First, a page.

This article was originally published on September 29th, 2015 and was updated on January 15th, 2016 to reflect recent developments.
One of the most exciting developments in recent years in the fight against cancer is the growing field of immunotherapy, which aims to harness the power of a patient's own immune system to seek out and destroy cancer cells. Huge amounts of money are being thrown at this exciting area that offers hope to patients around the world who suffer from this disease.
Given the huge opportunity that exists for this new class of medicine, we asked our team of Motley Fool healthcare contributors to share with us the big pharma company they think has the best chance of grabbing a big piece of this emerging market.
Brian Feroldi: One of the more exciting immunotherapies being developed right now is called Chimeric Antigen Receptors, which work with the body's own T cells -- hence its name, CAR-T, which train the body's immune system to recognize and kill cancer cells.
There are plenty of companies of all sizes that are investing heavily in the space, like Juno Therapeutics (NASDAQ:JUNO) and Kite Pharma, so picking a company that will end up a winner ahead of time is extremely difficult. Knowing that, I think it makes more sense to invest in the winners likely partner of choice, Celgene (NASDAQ:CELG), as a way to ride the wave.
Celgene has already made a $1 billion bet on Juno Therapeutics, who it clearly believes is the leader in the space, but it has also inked a number of other deals as a way to diverse its risk. The company has made investments in other immuno-oncology players like Sutro Biopharma and it has also inked a long-term deal with AstraZeneca's MedImmune division.
While it's likely that several of these partnerships won't turn into anything, it does show that the company is willing to invest early to get a foothold in the space. With its strong history of being a big player in the cancer treatments coupled with its deep pockets, Celgene stands a good chance of partnering with the company that will ultimately become the winner.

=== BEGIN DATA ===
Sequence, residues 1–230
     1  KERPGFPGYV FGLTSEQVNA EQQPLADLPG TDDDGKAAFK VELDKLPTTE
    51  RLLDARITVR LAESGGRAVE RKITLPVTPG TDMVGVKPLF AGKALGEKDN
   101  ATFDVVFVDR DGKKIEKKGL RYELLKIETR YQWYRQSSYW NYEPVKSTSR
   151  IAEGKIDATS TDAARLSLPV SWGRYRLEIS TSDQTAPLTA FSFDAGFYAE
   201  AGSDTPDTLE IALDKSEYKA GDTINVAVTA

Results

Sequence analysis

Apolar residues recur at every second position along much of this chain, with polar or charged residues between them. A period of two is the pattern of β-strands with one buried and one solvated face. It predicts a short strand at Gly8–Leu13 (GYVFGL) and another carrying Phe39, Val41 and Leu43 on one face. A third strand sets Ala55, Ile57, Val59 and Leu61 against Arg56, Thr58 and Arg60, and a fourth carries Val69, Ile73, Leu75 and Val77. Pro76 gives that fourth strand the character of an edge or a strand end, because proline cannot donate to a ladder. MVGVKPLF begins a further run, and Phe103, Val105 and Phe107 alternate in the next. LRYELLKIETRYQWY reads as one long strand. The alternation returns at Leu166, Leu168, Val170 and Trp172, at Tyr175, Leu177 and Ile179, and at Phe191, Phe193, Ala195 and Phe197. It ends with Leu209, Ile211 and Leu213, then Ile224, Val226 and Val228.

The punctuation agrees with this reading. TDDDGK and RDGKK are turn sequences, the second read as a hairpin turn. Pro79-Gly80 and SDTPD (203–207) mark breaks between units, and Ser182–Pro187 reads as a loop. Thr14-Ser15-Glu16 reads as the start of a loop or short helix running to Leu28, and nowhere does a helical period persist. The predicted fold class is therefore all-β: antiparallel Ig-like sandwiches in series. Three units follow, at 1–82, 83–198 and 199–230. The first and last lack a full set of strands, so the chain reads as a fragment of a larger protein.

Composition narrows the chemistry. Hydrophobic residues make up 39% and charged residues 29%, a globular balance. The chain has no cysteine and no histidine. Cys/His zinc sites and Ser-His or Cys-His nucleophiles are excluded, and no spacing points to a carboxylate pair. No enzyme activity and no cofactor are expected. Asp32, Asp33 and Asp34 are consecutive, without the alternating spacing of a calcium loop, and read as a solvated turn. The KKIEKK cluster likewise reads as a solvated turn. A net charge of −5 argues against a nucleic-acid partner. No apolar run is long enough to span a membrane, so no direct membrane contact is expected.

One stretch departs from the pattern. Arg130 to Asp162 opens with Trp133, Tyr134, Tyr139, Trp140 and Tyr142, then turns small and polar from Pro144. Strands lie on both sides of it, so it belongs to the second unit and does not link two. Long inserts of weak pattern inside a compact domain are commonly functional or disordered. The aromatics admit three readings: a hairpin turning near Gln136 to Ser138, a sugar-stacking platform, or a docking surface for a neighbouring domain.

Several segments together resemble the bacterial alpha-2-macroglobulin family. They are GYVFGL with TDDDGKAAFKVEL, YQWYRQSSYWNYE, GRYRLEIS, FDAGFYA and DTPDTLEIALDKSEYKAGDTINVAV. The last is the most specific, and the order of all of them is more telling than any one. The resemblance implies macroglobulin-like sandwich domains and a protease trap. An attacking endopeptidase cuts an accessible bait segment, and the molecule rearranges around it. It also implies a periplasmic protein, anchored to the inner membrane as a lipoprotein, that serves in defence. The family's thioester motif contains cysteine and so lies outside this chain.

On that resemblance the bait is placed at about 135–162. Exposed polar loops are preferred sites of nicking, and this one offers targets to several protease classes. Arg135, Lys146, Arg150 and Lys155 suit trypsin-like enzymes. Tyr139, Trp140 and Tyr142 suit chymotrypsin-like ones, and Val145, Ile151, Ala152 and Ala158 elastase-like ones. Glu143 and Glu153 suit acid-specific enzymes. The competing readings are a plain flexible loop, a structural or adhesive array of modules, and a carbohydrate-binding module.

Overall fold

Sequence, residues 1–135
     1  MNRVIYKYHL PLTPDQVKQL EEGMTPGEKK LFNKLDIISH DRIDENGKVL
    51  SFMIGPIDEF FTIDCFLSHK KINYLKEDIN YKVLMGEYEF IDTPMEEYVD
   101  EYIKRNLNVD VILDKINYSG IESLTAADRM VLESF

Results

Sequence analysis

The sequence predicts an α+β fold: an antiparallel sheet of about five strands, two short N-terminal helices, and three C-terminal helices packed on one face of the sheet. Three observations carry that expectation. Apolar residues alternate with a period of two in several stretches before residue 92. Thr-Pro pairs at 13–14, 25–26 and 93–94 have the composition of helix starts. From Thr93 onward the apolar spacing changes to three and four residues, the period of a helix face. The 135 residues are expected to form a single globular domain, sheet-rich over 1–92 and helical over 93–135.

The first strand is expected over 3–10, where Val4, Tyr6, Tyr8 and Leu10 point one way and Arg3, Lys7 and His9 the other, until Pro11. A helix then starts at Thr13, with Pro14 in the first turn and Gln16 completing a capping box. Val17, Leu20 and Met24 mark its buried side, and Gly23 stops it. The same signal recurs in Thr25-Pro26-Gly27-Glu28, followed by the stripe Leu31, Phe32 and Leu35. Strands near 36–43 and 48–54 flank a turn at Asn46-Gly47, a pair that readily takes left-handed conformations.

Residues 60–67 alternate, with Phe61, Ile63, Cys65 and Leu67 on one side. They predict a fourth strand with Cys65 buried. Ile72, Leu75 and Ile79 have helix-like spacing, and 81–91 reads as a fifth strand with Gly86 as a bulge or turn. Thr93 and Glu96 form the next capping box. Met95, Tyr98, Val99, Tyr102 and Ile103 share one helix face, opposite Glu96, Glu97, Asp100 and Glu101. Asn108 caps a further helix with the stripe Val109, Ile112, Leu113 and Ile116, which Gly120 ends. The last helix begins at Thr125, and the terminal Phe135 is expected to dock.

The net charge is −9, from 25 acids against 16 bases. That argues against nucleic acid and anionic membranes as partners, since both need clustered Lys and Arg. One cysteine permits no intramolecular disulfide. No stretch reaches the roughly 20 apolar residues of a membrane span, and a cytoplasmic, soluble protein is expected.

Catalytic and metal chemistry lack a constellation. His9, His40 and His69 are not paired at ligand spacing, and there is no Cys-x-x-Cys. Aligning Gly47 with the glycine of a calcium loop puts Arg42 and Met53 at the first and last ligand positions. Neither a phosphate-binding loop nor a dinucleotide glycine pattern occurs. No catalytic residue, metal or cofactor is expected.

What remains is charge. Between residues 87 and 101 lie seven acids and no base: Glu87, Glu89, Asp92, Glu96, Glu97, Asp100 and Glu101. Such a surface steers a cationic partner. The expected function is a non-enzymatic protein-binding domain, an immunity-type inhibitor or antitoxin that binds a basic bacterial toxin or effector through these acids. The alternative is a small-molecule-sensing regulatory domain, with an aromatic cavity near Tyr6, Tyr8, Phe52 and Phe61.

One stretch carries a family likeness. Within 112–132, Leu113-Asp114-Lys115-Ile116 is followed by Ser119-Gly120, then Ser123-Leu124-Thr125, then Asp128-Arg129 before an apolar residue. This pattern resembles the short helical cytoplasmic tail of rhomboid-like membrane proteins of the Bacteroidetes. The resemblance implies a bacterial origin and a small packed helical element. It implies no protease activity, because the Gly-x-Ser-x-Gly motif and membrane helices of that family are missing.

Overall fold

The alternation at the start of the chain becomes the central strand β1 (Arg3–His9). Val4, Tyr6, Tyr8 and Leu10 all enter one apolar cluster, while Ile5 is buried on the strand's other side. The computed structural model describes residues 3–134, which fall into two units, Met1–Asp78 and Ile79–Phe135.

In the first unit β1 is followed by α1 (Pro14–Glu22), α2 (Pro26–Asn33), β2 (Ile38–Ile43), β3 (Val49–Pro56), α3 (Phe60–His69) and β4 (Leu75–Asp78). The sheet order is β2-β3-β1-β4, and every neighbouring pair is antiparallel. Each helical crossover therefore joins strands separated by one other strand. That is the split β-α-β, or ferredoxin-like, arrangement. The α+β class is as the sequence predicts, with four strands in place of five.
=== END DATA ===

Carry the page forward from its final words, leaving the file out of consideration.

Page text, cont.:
Picking the winners in a new field of medicine ahead of time is extremely difficult, but one shortcut is to have a strong management team with experience in the space do the picking for you. If I had to bet on one company eventually becoming the leader in the space, my bet would be on Celgene.
Todd Campbell: A lot of intriguing companies are developing immuno-oncology therapies, but only a few rate the "been-there-done-that" status that's associated with notching an FDA approval. Bristol-Myers Squibb (NYSE:BMY) is one of them, and its success in developing the immunotherapy Opdivo has me thinking that it has the chops necessary to develop at least one of the five other immuno-oncology programs it has in its pipeline.
Unlike traditional chemotherapy's shock-and-awe approach, Opdivo prevents cancer cells from flipping a switch that can deactivate a patient's T-cells. Following success in phase 3 trials, Opdivo has won FDA approval for use in metastatic melanoma and non-small-cell lung cancer patients, resulting in sales of more than $467 million worldwide through the first three quarter of 2015. Because there are roughly 50 other Opdivo trials under way, Opdivo has a good shot at becoming a blockbuster drug, but Bristol-Myers' other immuno-oncology drugs could be top sellers, too.
Two therapies -- elotuzumab and prostvac -- are in phase 3 studies, and in August, Bristol-Myers reported that multiple myeloma patients receiving elotuzumab alongside standard of care had a 30% reduction in disease progression or death. That finding prompted the company to file for elotuzumab's approval in September, clearing the way for a decision by the FDA next February.
Meanwhile, prostvac is currently in phase 3 studies as a therapy for prostate cancer, with results expected early in 2017. Overall, if those two drugs pass muster with regulators, Bristol-Myers could be hauling in billions of dollars in sales from three immuno-oncology drugs by 2018 -- and that's why I believe it's the one to watch.
The pharma giant appears to be content to let other drugmakers take the lead when it comes to bringing new classes of therapies to market, and then use its vast resources to try and scoop them by developing so-called "best-in-class" medicines -- that is, once the commercial value of these entirely new treatments has been established.
As an example, Pfizer has allowed its fellow drugmakers battle it out over which one gets to bring the first PCSK9 inhibitor to market for high cholesterol. In the meantime, Pfizer has instead concentrated on developing a competing therapy that would be far easier to use, presumably giving it a significant competitive advantage going forward.
The same scenario may be playing out in immuno-oncology. Not long ago, Pfizer had almost no footprint whatsoever in immuno-oncology, preferring to quietly remain on the sidelines, as other companies brought the science to where it is now.
Having the benefit of seeing where some of the biggest pitfalls lay, Pfizer recently jumped into the game with both feet, signing a deal with Merck KGaA to initially develop the company's anti-PD-L1 drug, avelumab, for a variety of cancers. Since then, Pfizer has announced that it plans on developing several additional immunotherapies that span a wide range of treatment regimens such as pills and injected drugs, as well as vaccines.
Although it remains too early to tell where Pfizer might try to gain the biggest competitive advantage in immuno-oncology, I wouldn't hold their late start against them. After all, they have more than enough resources -- and the experience to match -- to eventually gobble up an oversized portion of this market.